Having lunch last weekend at a cafe in Conway, The Observer was witness to the first get-together of the Culinary Historians of Conway. So far, there are only two of them; they seem to be struggling with an inefficient advertising department. Their inaugural meeting was to start at 2:30, but by a quarter till 3, when the society was as yet a duo, the show was forced to go on.
A young woman wearing a T-shirt that declared "Philosophers do it Ponderously" took charge. Introducing herself to her audience of one, she expressed her dismay at the small attendance but said she planned to hold a meeting at least once a month. The next date was tentatively scheduled for Aug. 14. Though only one person (and this reporter) was there to hear about Conway's foodways, she spoke as if there was a crowd. That is, a little more loudly than was necessary for the two of us and the others in the cafe, the usual weekend patrons, one reading a book, another on a laptop, a couple in the corner, another sipping coffee and keeping to herself.
First topic of the day: food politics, a favorite of twenty-something ideologues. "The way we look at food depends on our social class," the Historian announced. "Everyone has access to good food, and they should use it." On she went to say something about farmer's markets and to make a general criticism of McDonald's and factory farming.
We have a few Michael Pollan books on our shelf, and we're always game for a discussion of how people eat, but the Historian made us wince. It's nice to see people get riled up about practical things, but her passionate appeal to everyone in earshot was a bit much. It wasn't just the substance of the shaky claims ("Consolidation of schools is a terrorist attack on farmers") but the volume in which they were delivered.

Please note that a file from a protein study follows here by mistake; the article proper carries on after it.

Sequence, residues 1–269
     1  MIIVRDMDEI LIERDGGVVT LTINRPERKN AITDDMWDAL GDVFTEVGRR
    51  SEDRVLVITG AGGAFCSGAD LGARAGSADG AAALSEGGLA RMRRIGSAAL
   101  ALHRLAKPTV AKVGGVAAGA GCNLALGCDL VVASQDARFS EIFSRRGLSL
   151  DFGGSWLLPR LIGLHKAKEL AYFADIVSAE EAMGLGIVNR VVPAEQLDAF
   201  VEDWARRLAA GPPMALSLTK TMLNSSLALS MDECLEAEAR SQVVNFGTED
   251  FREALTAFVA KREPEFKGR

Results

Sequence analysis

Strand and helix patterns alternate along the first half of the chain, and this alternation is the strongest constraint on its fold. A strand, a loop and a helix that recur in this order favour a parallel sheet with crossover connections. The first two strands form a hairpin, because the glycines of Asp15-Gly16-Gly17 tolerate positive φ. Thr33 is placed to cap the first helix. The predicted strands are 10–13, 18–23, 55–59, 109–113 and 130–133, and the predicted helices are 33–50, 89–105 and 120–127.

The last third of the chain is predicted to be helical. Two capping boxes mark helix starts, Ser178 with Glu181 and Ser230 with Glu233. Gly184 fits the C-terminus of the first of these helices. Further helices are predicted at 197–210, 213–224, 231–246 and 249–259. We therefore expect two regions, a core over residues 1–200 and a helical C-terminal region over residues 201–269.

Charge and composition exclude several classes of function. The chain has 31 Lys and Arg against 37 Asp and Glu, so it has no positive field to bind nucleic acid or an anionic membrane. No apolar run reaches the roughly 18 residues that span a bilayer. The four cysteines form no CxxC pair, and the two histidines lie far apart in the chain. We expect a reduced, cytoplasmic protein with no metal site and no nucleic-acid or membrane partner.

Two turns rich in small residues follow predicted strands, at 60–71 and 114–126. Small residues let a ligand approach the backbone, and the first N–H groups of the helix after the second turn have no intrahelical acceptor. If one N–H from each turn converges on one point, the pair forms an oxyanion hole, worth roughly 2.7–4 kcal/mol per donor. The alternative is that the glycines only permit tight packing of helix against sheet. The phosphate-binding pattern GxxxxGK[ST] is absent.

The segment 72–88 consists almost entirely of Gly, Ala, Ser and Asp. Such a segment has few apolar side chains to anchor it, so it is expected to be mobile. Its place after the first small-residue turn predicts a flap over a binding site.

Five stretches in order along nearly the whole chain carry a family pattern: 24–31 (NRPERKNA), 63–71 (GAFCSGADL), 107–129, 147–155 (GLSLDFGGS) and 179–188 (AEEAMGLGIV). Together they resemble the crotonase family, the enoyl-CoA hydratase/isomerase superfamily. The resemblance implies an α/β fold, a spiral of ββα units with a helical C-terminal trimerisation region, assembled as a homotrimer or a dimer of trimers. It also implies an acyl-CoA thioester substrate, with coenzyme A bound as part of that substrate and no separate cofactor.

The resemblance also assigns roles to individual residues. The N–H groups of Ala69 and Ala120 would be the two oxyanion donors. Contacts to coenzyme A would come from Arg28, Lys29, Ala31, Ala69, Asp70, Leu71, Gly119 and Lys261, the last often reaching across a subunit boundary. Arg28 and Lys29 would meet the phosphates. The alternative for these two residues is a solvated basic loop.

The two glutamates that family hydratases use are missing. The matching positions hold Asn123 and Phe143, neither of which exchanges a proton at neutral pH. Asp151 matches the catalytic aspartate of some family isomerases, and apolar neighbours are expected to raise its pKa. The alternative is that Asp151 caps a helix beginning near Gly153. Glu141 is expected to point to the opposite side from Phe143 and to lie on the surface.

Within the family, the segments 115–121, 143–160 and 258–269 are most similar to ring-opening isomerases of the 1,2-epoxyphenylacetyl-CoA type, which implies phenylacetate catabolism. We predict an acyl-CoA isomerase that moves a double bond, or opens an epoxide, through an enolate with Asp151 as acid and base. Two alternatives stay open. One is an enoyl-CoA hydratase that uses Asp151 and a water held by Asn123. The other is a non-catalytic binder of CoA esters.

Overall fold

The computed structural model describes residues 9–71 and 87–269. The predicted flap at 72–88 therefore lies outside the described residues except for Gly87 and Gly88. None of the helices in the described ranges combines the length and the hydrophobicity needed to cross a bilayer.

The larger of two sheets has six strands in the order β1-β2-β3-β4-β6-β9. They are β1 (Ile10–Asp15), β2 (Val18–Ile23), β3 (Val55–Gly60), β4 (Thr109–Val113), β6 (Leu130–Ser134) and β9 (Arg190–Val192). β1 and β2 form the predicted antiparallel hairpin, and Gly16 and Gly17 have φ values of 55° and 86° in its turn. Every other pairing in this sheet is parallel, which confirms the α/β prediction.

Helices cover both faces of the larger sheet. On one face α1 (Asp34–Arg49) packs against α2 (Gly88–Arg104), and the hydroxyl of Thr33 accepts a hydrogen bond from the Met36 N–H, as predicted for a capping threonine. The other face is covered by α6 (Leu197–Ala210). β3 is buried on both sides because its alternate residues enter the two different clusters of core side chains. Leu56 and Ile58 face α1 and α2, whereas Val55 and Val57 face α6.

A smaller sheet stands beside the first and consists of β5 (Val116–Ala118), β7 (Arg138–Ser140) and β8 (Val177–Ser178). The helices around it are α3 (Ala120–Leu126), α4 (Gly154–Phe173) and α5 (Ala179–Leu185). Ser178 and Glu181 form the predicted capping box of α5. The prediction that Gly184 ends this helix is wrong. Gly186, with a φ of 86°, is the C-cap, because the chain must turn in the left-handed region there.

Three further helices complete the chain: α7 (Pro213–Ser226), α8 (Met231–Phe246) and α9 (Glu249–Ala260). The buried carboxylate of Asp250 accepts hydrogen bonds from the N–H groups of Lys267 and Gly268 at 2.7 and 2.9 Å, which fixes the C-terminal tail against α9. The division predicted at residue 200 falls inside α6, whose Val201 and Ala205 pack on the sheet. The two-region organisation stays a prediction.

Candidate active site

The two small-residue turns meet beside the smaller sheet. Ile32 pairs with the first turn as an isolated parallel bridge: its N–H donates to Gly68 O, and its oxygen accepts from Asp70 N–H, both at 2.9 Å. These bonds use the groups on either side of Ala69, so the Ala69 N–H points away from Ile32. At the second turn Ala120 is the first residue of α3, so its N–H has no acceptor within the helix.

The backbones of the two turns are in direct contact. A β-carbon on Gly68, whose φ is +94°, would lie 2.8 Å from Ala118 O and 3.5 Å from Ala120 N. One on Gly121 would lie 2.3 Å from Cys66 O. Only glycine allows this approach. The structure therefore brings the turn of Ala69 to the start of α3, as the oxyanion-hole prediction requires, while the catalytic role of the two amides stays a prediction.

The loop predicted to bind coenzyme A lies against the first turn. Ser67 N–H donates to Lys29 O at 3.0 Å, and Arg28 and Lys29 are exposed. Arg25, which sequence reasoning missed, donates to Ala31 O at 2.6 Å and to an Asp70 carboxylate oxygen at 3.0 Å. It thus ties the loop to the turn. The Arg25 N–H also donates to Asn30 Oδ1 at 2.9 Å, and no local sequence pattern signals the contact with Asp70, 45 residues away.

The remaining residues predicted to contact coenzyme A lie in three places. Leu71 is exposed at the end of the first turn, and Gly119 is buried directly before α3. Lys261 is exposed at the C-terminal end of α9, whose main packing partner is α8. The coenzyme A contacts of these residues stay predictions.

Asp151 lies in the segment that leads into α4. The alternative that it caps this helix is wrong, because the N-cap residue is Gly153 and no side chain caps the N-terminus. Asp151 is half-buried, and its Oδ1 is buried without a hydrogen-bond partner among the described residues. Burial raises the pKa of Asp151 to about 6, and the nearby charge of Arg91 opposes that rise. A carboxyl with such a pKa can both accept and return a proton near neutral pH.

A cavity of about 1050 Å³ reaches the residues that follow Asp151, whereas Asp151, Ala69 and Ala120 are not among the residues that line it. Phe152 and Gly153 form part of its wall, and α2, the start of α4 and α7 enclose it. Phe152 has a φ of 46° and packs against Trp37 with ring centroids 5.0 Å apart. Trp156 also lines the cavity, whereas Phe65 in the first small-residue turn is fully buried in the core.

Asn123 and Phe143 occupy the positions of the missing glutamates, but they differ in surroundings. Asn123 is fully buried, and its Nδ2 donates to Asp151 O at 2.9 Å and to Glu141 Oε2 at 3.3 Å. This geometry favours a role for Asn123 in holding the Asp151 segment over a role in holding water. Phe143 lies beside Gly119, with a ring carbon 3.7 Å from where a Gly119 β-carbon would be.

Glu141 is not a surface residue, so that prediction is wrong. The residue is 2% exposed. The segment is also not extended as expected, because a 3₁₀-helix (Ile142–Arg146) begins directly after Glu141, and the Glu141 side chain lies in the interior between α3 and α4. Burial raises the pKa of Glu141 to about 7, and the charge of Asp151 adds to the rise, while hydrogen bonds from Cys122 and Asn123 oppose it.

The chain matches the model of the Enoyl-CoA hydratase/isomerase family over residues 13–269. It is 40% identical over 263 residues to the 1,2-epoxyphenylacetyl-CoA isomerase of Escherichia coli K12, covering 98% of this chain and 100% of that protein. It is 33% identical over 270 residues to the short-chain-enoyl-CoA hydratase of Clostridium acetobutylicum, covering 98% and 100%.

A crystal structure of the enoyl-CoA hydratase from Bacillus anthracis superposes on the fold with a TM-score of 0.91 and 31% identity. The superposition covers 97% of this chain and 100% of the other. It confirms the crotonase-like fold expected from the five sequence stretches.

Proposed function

It was tremendously awkward, and customers were gradually leaving. Sensing the room would soon be empty we quickly finished our meal and got up to pay.
As we were leaving, a waiter came by to deliver the Historians their food. Hamburgers, crimped fries. All it takes to patch a bleeding heart, apparently.
From The Observer's mailbag:
"Reading the usually fine Observer (July 8, 2010), I was struck by a couple of things. First, The Observer referred to several diners at a 'nice steakhouse off the Financial Center Parkway' as being in their 60s. As someone who just turned 63, I wondered what those folks looked like through the eyes of The Observer — Aunt Bea types or Jane Fonda look-alikes? But, when The Observer went on to exclaim the disgust of having to look at one of the '60s' person's 12EEEE feet (not so cool!), I was reminded of a recent dinner with friends where I had to sit across the table from someone eating rare, practically raw prime rib. Now, THAT is disgusting!
"Further down The Observer wrote about a vampire kit with a wooden 'steak.' Is that perhaps what The Observer felt like he/she was eating after seeing those disgusting feet?" (No, but The Observer is beginning to feel like a heel.)
The Observer also got advice from a reader. "Seek out the ugly, lumpy ones. If you spot any dark purple or blackish really horrid-looking ones, buy all you can afford." Our reader wasn't referring to discalced seniors at a restaurant, but tomatoes, in response to last week's diatribe in this column. "I don't know all the names, but these are sometimes called Cherokee Purple, and are delicious, like the taste you remember from childhood."
To show that The Observer is not all gripe, we will say that this summer's corn has been excellent.